Second, Katherine (Catherine? I listened to the audio book) had a more interesting relationship with Jason, a boy around her age with cerebral palsy, than with her brother David who has autism. Jason can't speak and communicates by pointing at word cards. Katherine decides to make him more word cards, which was a great literary device and really contributed a lot to the theme of coping with disabilities. Still, I expected the book to be more about Katherine's relationship with her brother, and I was surprised that it wasn't the main focus and didn't change a lot through the course of the book.

Last, the audiobook narrator was, I think, the same actor who does the voice of Clementine. It made me think Catherine was so young! The narrator did a fine job (I wouldn't say she STINKS A BIG ONE), but it wasn't ideal for me because I've listened to several of the Clementine books.

( )
  LibrarianDest | Jan 3, 2024 |
A great novel that I have read quite a few times. The main character Catherine is an appealing and relatable character who tries to balance her love for her special needs brother with her resentment of his special needs. She has believable growth through the story and comes to understand that her embarrassment is for herself rather than for her brother. It is an interesting story that sees Catherine realize that real friends will not judge her for her circumstances. ( )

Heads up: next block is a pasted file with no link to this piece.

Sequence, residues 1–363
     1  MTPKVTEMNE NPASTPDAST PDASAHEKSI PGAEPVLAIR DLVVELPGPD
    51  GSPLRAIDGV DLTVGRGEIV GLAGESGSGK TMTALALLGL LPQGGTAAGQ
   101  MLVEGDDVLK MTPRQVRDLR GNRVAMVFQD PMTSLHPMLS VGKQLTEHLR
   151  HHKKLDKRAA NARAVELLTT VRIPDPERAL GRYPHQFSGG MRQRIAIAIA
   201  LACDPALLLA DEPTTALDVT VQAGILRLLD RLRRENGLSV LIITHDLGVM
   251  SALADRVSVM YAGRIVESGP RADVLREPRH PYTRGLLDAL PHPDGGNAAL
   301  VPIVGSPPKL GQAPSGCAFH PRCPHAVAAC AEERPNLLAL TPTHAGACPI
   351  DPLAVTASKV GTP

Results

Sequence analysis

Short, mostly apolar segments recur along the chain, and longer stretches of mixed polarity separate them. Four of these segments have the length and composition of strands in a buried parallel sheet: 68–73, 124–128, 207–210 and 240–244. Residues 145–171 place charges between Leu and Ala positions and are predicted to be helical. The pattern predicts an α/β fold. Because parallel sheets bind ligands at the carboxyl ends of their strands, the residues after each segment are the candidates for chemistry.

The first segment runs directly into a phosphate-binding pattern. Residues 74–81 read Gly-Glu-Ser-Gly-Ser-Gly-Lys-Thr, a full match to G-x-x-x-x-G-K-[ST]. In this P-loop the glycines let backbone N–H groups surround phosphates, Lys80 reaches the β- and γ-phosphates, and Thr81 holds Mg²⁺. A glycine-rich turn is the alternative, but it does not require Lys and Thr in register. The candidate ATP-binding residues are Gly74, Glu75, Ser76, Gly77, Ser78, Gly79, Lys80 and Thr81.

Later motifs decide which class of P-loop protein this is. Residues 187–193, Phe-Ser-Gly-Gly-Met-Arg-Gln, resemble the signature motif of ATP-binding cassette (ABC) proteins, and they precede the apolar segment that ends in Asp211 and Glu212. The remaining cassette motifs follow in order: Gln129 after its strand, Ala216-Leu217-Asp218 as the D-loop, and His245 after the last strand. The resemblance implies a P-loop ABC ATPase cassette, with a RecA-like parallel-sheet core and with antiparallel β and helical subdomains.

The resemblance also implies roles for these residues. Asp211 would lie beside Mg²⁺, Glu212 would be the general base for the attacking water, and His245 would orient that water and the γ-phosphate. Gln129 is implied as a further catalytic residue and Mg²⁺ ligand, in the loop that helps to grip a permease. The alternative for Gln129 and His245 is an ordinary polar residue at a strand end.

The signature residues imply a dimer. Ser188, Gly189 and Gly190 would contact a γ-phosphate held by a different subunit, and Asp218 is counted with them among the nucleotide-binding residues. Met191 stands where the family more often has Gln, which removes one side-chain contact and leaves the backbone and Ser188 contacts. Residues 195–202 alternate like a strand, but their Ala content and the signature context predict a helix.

BrennaMarohl | Jul 4, 2023 |
"Rules" has both a Newberry award and a Schneider Family Book award. The book follows Caroline, a 12-year-old with a brother, David, who has a disability. She tries to teach David the "rules" of society and how he should act to keep him from embarrassing her and himself. Caroline eventually makes a new friend and must navigate the struggles of her new relationship while dealing with the stigma surrounding her brother's disability.
This book could be used to bring awareness and understanding to disabilities and could be used to educate students on how to appropriately interact with students with disabilities.
"Rules" highlights the disabled community and the struggles they and their families face, as well as the struggles students, experience while trying to fit in with their peers ( )
  kelly.koeper | May 1, 2023 |
Showing 1-5 of 533 (next | show all)
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My deepest appreciation to: